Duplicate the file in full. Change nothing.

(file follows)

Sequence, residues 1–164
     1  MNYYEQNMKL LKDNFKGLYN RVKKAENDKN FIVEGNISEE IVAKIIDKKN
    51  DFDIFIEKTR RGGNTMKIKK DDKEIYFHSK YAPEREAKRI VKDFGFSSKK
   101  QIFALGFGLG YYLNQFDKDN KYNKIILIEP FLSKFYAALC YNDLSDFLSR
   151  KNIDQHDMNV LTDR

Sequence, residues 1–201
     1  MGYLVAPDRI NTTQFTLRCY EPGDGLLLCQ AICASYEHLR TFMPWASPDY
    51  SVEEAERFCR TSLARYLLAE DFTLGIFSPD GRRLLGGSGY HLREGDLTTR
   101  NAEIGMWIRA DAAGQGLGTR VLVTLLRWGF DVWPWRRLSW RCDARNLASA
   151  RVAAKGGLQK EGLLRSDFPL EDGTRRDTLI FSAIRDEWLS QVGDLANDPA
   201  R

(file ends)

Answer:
Sequence, residues 1–164
     1  MNYYEQNMKL LKDNFKGLYN RVKKAENDKN FIVEGNISEE IVAKIIDKKN
    51  DFDIFIEKTR RGGNTMKIKK DDKEIYFHSK YAPEREAKRI VKDFGFSSKK
   101  QIFALGFGLG YYLNQFDKDN KYNKIILIEP FLSKFYAALC YNDLSDFLSR
   151  KNIDQHDMNV LTDR

Sequence, residues 1–201
     1  MGYLVAPDRI NTTQFTLRCY EPGDGLLLCQ AICASYEHLR TFMPWASPDY
    51  SVEEAERFCR TSLARYLLAE DFTLGIFSPD GRRLLGGSGY HLREGDLTTR
   101  NAEIGMWIRA DAAGQGLGTR VLVTLLRWGF DVWPWRRLSW RCDARNLASA
   151  RVAAKGGLQK EGLLRSDFPL EDGTRRDTLI FSAIRDEWLS QVGDLANDPA
   201  R